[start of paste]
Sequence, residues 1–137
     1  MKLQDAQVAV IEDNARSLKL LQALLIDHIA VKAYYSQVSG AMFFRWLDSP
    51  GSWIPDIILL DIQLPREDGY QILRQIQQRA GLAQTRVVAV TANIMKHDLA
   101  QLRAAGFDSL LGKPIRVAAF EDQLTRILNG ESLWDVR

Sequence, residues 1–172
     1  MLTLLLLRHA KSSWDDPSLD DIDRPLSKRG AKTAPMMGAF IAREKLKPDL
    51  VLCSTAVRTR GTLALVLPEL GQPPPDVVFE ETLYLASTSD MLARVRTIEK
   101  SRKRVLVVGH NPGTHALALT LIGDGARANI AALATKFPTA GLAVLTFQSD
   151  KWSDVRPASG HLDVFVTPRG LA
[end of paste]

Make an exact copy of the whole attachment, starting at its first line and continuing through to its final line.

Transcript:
Sequence, residues 1–137
     1  MKLQDAQVAV IEDNARSLKL LQALLIDHIA VKAYYSQVSG AMFFRWLDSP
    51  GSWIPDIILL DIQLPREDGY QILRQIQQRA GLAQTRVVAV TANIMKHDLA
   101  QLRAAGFDSL LGKPIRVAAF EDQLTRILNG ESLWDVR

Sequence, residues 1–172
     1  MLTLLLLRHA KSSWDDPSLD DIDRPLSKRG AKTAPMMGAF IAREKLKPDL
    51  VLCSTAVRTR GTLALVLPEL GQPPPDVVFE ETLYLASTSD MLARVRTIEK
   101  SRKRVLVVGH NPGTHALALT LIGDGARANI AALATKFPTA GLAVLTFQSD
   151  KWSDVRPASG HLDVFVTPRG LA